The core issue is that we now live in a society that sees no, or even negative, value in people beyond their ability to create a profit for someone else. I guess we should be grateful that the society doesn’t (yet) simply “put us down” like horses with broken legs. That would save it from having to factor in all the nuanced secondary economic effects of people who have no income or means to generate one sufficient to meet their needs.
This society is going to meet some challenges to its weaknesses very soon as AI and robotics begin encroaching on even the ability of fully able people to generate sufficient incomes to support a consumer based economy. Robots don’t spend much at WalMart. It is now impossible to choose a field of study that is guaranteed not to be economically obsolete in the time it takes to learn it. Unless we can greatly expand upon the list of things we deem worthy of compensation and a method of generating that compensation we will not survive as a modern society.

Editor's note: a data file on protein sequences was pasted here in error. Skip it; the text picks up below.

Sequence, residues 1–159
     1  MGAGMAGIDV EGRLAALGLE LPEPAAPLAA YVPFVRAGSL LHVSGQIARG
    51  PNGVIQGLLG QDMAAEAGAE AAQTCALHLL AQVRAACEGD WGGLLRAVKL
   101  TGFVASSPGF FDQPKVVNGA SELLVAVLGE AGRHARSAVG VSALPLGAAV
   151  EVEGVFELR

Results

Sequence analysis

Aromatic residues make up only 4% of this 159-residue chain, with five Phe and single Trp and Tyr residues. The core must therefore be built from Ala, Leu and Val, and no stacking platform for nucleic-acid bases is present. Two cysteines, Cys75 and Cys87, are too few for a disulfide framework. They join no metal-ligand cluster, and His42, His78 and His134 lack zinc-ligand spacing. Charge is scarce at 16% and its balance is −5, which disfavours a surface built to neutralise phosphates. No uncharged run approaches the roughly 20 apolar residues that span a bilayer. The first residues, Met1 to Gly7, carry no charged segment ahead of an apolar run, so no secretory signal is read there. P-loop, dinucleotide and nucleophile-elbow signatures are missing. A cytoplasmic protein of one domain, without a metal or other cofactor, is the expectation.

My generation (boomer) was not able to fully embrace the potential of technology and treated it as a threat. Your generation did a better job of that, but not to the extent that millennials do. They are practically one with it and don’t understand why it should be used in a way that is detrimental to people. As they come of age to vote they will be a force to be reckoned with for both politicians and industry. I don’t see them allowing my generation to dictate their conditions for very long, and many assumptions about how we derive our incomes and who benefits from the economy are going to get tossed.